Fighting a war in two theaters utilizing 16 million in uniform led to shortages in labor, shortages in food and supplies, and a need to support the military and the civilian workforce.
As the United States industry moved to support the war effort, the armed forces were increasing at a rapid rate, leading to a worker shortage. Industry recruited new employees – women and minority men. More than 6 million women worked in non-traditional defense industry jobs during World War II. The integrated workforce would have an impact on Civil Rights and the Women’s Movements in the years to come. The defense industry had production goals, and companies, factories and even shifts would compete to meet the goals fastest. The need for more workers led to the largest migration of people within the United States in the history of the country. Industrial centers grew exponentially. Following the war, some residents chose to stay in their new locations.
The establishment of the WAAC/WAC, WAVES, SPARS, and women Marines led to thousands of women enlisting. Most served stateside, but many served overseas. Uniforms were created by famous designers to be serviceable but feminine, and the wearing of red lipstick, known as Victory red, was encouraged.
Food rationing, featuring ration point coupons limiting purchase of certain foods, led people to growing “victory gardens,” and more than half of the produce in the United States was grpwn in home gardens. Meatless meals and desserts that used less sugar were popular ways of stretching ration points. Price controls set by the government helped prevent inflation and price gouging. Gasoline and other materials were also rationed. Materials necessary to the war effort, such as metal and paper, were collected for donation. The purchase of new items was limited, and the motto “Use it up; wear it out; make do; or do without” was used to encourage consumer conservation. Posters were also used to remind people to conserve: “when you ride alone, you ride with Hitler” to save gasoline; and “Of course I can!” to make preserving food patriotic.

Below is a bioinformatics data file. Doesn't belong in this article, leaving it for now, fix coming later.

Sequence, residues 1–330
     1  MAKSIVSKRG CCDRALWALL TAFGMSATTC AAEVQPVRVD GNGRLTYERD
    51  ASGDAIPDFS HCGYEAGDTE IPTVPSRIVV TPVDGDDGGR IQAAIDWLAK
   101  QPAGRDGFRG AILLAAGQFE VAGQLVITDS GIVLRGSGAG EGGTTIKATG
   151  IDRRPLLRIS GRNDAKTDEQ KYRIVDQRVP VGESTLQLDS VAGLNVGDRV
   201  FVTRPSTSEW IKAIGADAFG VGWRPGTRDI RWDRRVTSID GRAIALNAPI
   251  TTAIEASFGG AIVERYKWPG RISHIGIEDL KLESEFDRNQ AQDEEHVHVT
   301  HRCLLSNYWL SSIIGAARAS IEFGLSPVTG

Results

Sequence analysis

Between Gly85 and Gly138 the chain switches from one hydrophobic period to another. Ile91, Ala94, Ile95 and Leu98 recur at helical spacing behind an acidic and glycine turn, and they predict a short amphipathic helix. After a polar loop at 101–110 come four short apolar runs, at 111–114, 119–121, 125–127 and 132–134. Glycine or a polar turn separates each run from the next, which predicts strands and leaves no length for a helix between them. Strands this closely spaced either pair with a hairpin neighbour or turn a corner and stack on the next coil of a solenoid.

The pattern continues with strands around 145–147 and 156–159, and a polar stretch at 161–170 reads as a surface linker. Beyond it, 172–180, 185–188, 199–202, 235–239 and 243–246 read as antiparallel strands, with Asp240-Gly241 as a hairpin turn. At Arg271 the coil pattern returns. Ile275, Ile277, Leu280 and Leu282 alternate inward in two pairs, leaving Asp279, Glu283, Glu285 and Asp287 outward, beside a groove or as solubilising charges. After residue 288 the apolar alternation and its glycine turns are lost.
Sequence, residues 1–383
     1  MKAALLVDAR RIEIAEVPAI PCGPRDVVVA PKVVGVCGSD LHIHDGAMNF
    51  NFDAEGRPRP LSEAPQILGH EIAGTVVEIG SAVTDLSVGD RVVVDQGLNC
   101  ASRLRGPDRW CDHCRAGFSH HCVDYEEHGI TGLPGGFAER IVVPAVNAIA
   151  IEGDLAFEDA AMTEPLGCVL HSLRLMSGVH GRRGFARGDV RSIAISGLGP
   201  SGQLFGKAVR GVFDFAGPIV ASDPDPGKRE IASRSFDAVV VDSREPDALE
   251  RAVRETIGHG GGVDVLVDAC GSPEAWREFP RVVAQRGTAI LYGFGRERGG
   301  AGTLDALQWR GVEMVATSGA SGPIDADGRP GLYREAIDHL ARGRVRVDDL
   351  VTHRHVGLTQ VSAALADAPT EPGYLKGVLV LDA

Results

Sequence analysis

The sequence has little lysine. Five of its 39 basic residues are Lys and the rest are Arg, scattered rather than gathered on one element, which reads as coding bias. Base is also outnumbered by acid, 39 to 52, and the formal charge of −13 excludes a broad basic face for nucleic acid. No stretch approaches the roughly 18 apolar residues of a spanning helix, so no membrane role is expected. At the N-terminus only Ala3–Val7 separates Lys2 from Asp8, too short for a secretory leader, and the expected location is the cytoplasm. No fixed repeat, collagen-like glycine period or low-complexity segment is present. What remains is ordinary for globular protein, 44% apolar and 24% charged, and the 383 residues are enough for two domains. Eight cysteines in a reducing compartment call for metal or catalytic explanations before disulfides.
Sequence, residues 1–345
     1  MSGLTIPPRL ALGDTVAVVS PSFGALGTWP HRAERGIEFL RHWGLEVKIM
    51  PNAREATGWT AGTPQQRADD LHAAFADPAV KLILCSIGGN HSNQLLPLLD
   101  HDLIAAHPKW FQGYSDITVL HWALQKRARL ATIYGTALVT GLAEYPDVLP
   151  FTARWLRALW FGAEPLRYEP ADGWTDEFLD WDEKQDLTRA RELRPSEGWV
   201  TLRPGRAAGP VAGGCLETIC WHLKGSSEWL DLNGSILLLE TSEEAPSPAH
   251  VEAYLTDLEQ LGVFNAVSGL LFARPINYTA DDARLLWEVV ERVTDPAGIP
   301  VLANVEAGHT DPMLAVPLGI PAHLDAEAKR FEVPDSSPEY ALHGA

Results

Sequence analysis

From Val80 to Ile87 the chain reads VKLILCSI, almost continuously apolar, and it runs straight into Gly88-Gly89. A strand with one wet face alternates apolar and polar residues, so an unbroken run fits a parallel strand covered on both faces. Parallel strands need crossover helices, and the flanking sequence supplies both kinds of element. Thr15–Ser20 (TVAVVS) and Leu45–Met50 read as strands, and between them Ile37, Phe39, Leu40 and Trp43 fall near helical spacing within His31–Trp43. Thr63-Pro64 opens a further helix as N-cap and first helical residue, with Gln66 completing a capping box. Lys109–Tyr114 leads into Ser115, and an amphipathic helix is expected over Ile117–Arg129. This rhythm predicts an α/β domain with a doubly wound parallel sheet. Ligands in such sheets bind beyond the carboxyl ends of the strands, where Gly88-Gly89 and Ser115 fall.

Civil Defense helped protect the home front and the military. Blackout curtains helped disguise the location of cities and the coastlines. Coastline defense included patrols and anti-aircraft emplacements. Air raid drills were conducted, and air raid shelters designated. Emergency alert radio systems were designed. Posters and news articles cautioned people that discussion of production or troop movements endangers our military: “loose lips sink ships” and “Telling a friend may mean telling the enemy.”
Volunteer work to show patriotism was encouraged, from nurse’s aides to Red Cross doughnut volunteers to USO Canteen volunteers. Popular volunteer activities included knitting socks for soldiers, collecting scrap and materiel needed for war production, and writing to serving military members. To enable the most mail using the least room, V-mail, which shrank the average letter size, was introduced.
Economic support for the war effort was provided in part by the selling of war stamps and war bonds. War bond tours to encourage continued purchase frequently featured movie stars and celebrities. Later in the war, returning military members joined the war bond tours.
To find other items that the Marshall Foundation has on the home front, search “home front” in the library catalog:https://www.marshallfoundation.org/library/results/
Digitized items in the George C. Marshall archives: